A spa in Chelsea, Que., is warning customers about a gift card scam that could ruin their attempts to find rest and relaxation.
Nordik Spa-Nature says it's seeing customers trying to redeem gift cards purchased through buy-and-sell site Kijiji from third parties who obtained them using stolen credit card information.
Once those fraudulent transactions are detected and cancelled, however, the gift card is rendered useless.
Spa spokesperson Marianne Trotier said sometimes guests show up at the front desk, cards in hand — only to discover they're worthless.
"We think it's really unfortunate," Trotier said.
"The person that actually purchased the gift certificate from the third party is the first victim, as they don't have access to the spa since we cancelled the transaction."
Trotier said it's been happening once or twice a week during the busy winter months.
She said Nordik sometimes also discovers fraudulent cards only after they've been redeemed, leaving the business on the hook.
"We're losing money. Of course, when we know that [a gift card was purchased illegally], we cancel all the transactions after that with that same card," she said.
"Then it's the people who purchased that card on Kijiji who are the losers."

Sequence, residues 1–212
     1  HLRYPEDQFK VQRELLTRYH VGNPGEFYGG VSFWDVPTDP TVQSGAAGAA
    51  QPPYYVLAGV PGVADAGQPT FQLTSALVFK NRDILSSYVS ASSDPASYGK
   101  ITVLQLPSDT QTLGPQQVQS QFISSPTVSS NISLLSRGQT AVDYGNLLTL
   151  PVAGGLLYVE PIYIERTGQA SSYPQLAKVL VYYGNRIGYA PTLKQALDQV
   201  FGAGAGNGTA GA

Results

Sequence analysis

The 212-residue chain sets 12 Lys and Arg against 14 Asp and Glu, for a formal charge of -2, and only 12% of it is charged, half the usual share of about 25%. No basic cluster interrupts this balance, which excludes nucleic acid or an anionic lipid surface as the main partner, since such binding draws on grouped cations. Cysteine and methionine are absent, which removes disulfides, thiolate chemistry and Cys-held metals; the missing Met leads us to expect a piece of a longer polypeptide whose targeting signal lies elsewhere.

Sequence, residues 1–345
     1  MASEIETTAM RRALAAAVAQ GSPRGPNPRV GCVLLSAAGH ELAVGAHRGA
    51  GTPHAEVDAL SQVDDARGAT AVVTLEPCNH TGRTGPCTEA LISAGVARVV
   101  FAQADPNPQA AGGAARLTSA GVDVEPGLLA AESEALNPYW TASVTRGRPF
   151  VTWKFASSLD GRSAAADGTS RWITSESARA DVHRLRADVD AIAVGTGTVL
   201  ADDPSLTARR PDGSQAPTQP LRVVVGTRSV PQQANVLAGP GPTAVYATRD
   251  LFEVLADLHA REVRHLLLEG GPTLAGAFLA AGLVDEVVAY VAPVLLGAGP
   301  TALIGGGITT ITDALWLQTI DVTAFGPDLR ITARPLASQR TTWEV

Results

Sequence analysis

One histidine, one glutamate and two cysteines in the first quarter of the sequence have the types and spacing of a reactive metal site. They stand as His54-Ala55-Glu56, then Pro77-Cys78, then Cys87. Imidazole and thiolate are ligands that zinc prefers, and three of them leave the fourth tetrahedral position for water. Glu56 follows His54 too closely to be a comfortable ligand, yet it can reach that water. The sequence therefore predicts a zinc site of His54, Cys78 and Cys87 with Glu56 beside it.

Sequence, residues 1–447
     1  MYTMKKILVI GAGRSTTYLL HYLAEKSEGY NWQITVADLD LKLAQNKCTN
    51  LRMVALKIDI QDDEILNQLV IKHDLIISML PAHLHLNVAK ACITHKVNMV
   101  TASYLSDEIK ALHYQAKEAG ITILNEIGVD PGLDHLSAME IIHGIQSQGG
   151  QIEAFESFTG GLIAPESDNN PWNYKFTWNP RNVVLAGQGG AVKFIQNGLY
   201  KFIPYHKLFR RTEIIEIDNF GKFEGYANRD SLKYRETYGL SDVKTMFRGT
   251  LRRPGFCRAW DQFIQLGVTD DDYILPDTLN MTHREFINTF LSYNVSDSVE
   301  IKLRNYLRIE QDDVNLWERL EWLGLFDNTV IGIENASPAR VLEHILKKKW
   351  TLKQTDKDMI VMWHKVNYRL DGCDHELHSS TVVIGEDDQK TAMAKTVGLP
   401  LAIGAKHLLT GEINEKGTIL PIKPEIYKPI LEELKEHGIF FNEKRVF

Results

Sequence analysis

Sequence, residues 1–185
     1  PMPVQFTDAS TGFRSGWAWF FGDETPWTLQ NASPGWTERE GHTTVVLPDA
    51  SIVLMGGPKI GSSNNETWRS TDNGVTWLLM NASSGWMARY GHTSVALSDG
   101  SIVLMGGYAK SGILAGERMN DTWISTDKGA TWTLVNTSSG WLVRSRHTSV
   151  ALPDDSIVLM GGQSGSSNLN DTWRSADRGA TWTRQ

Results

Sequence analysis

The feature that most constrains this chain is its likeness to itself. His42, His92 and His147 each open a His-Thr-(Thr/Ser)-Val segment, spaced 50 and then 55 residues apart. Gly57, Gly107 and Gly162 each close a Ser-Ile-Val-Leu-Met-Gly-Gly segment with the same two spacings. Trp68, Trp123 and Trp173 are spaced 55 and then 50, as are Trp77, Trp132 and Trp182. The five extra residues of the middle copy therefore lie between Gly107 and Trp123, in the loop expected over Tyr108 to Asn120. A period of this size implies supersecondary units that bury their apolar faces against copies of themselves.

Trotier said there's little Nordik can do to notify those buyers about the fraud, though the spa has implemented industry-standard prevention practices and looks at "every transaction."
She said spa staff look for red flags such as discrepancies in billing and delivery addresses, or warnings the card has been used in other suspicious transactions.
"The fraudsters will use stolen credit cards any which way they can to try to monetize the good cards," said Jeff Thomson, senior RCMP intelligence officer with the Canadian Anti-Fraud Centre.
The scammers use stolen credit card information to purchase gift cards online, over the phone or by mail.
Selling the cards to unsuspecting buyers lets them keep some of their ill-gotten loot, Thomson said, even after the fraudulent purchases are detected and the transactions cancelled.
Thomson said the scam affects businesses of all types and sizes.
According to the the Canadian Bankers Association, these so-called "card-not-present" scams represent the bulk of credit card fraud in Canada.
The association said financial institutions reimbursed $862 million to Canadian customers in 2018, and card-not-present fraud accounted for nearly 80 per cent of those losses.
As for those wanting peace of mind for their next spa getaway, Trotier recommended buying gift cards directly from trusted sellers — or directly from Nordik.